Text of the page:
Snowshoeing at Mt Seymour is fantastic as long as you go properly prepared and follow the rules of Backcountry travel in Winter paying close attention to the Avalanche advisories that the website http://www.avalanche.ca/ puts out on a regular basis. You have to travel alongside the Mt Seymour downhill ski area at first before getting to the backcounty area. Snowshoes and/or Crampons depending on the trail conditions are needed as the backside on the way up can get pretty steep. There are many viewpoints along the way to view the lowermainland of BC and beautiful views of the Fraser Valley and beyond out into the Strait of Georgia. Second pump is far more accessible than the third pump aka the main peak as it becomes very windswept and icy and the trail can become very harrowing if a sudden west coast storm decides to drop in and prevent visibility from allowing you to safely continue. Always be prepared to spend an emergency over nighter in this case and you'll enjoy the trip a lot. Safety first.
Take the Trans Canada Highway over the 2nd Narrows bridge and get off on the Mt Seymour Parkway Exit. Then follow the signs for the Mt Seymour Provincial Park Ski Area until you finally arrive at the main aprking area. Go to the very end of the parking area where you will see trails marked with orange marker tape. Follow the the trails along side the Ski Runs up and over the Maintained Downhill Ski area unitl you come to the backside of the hill and then follow closely to the trail markers and your final destination awaits you.
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Posted By: Rambo
- Sat Nov 14 23:04:27 UTC 2009
UpsideThe views and the trees and the snow and the beauty of the Rockies behind it all DownsideIt's busy, but it's worth it. CommentIt's harder than the first peak but the views are worth the excess effort. We were a larger group with unhealthy people. They were sore for a day or two after doing it but nobody regretted it!
Posted By: ChrisO
- Tue Feb 26 04:47:35 UTC 2008
QuestionI was out the back of Seymour, and came across some sweet but short steep lines of the back of Seymour over the weekend. Avalanche conditions were unusually stable. It was out past the 2nd pump, before the summit of Mt Seymour. Anyone aware of similar lines up there?ANSWERS are in this forum: Anyone know of any steep lines to ski off the back of Seymour?
Posted By: vpigeon
- Sun Apr 30 23:06:58 UTC 2006
CommentDid this again on April 30, 2006. Still tons of snow up there, starting right at the trailhead at the NW corner of the parking lot. No markers beyond Brockton Point, so get the GPS data to be absolutely sure of where you're going. Potential avalanche conditions.
Posted By: farmer
- Sun Apr 02 21:22:23 UTC 2006
Commentthere is only 1 pump on seymore, that is the 1st peak, the second and third peaks are peaks, not pumps. I think at one time there was a water pump on the 1st pump, that is why it is called that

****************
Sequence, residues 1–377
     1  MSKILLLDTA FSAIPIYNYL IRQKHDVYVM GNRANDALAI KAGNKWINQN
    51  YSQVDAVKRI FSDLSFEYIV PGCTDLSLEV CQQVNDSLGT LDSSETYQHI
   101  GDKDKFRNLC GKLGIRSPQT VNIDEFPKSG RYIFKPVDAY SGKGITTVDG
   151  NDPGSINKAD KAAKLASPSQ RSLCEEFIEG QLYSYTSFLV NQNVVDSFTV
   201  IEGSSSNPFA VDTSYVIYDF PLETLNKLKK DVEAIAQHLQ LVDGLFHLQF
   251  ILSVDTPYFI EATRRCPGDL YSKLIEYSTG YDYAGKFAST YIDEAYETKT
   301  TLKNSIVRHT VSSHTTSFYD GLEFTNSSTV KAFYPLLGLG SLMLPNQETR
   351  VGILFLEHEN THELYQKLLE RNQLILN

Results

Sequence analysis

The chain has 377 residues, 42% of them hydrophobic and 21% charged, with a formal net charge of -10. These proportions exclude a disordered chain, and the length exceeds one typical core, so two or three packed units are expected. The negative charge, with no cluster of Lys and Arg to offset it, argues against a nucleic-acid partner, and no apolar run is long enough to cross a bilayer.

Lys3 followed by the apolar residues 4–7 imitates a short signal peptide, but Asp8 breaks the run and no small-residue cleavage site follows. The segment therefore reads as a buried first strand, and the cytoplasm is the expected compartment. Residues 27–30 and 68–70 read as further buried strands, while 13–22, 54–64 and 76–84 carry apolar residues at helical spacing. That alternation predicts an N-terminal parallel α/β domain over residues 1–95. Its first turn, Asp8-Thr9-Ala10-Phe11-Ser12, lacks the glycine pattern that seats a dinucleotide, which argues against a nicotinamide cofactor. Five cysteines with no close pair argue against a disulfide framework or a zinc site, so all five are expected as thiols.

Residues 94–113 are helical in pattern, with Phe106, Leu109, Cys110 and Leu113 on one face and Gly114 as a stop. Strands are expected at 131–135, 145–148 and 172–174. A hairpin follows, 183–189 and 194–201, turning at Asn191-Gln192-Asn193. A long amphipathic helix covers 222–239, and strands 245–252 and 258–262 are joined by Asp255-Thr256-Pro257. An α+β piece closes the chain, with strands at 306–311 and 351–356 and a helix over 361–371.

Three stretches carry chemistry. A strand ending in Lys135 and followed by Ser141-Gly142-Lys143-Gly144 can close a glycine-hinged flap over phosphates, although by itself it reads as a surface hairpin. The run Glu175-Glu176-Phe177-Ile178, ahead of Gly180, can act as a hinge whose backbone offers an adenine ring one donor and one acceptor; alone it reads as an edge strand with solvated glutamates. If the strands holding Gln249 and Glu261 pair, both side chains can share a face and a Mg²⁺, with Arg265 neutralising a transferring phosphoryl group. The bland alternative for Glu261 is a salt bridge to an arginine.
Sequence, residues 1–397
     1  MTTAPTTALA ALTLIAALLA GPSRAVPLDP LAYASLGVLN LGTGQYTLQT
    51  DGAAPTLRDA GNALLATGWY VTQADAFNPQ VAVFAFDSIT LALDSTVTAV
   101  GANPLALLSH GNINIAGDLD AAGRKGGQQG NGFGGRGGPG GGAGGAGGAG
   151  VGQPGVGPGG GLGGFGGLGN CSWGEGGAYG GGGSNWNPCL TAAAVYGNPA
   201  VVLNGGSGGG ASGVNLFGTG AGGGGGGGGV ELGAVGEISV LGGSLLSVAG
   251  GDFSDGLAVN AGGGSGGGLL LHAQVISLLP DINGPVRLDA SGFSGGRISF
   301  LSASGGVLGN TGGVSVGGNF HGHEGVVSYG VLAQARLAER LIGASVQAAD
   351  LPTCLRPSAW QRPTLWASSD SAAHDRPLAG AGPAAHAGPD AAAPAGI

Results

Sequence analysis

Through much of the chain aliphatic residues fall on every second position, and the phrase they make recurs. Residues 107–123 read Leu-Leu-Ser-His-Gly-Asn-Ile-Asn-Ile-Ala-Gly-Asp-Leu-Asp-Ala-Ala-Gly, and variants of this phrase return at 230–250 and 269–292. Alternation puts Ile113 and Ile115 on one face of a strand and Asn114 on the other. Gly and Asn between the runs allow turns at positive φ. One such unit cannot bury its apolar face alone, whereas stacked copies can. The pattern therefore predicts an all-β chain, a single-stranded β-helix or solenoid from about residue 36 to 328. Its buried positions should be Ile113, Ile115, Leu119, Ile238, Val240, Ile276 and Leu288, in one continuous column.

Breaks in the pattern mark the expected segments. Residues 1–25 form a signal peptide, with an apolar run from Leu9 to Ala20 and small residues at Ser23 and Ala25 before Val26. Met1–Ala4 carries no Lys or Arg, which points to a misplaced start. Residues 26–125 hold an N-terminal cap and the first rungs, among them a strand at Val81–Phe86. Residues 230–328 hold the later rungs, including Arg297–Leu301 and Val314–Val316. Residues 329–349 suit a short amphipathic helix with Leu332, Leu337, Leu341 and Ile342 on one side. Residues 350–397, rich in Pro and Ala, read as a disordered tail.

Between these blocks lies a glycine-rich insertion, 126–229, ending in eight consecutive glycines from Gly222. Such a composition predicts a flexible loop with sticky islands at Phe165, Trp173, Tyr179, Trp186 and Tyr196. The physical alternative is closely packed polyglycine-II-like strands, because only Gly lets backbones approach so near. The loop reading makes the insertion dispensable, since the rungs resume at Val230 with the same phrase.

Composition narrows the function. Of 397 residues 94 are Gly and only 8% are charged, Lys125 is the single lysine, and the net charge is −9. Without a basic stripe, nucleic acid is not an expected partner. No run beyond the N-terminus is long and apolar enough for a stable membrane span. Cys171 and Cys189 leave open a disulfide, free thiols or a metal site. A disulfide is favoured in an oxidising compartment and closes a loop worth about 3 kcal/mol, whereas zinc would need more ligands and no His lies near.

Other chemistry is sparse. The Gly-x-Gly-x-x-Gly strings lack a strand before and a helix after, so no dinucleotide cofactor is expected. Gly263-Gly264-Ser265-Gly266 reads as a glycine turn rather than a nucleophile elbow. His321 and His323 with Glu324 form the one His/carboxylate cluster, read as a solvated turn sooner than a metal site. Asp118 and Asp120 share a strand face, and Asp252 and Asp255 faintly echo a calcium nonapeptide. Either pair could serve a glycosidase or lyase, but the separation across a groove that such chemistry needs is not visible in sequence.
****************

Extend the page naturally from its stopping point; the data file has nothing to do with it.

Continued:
Posted By: vpigeon
- Mon Dec 12 01:09:12 UTC 2005
UpsideA great snowshoe outing. The snow makes the trail much easier to manoeuvre than on rocks in the summer. No snowshoeing ticket needed for this as you use the Provincial Park trail, not the Mt Seymour trail system. DownsideCan't think of any on a beautiful day. Total climb of 400 m. Beware of snow storms though, you could easily become lost. CommentDec 10, 2005: an absolutely beautiful day to snowshoe up to Mt Seymour's 2nd peak. Start at the NW corner of the Mt Seymour ski parking lot, near the chair lift. Look for the sign that reads: "Mount Seymour Provincial Park Backcountry Corridor, Access to Seymour Main Winter Trail, etc...". Coordinates are: N 49, 22.020 W123, 56.935.
Head north in the corridor to the left of the ski slope. Approx 200 m further, you'll come to another sign: "Mount Seymour Winter Trail, 7 km Return". Keep heading north.
Follow the GPS track (and trail markers) basically north. After approx 2 kms, you'll come to the marker for the Mt Seymour peaks and Elsay Lake (it could be buried in snow, but it's at N49, 23.167 W122, 56.169) Head west and up towards the peaks. At N49, 23.252 W122, 56.461, you can go left and up to Peak 1. Head slightly right (NW) and up to Peak 2. You'll drop approx 25 m into a gully and then head up the final 65 m to the summit of Peak 2 at N49, 23.419 W122, 56.613.
Unless you are very experienced at mountaineering, DO NOT venture to Peak 3 in winter. The ridge is too narrow, probably unstable and slippery and the canyon very steep. Enjoy lunch on Peak 2, before heading back down. We slid on our nylon pants on several of the steeper slopes. Others headed down on snowboards. Looked like great fun. Total time: 4 hours for 7.5 kms.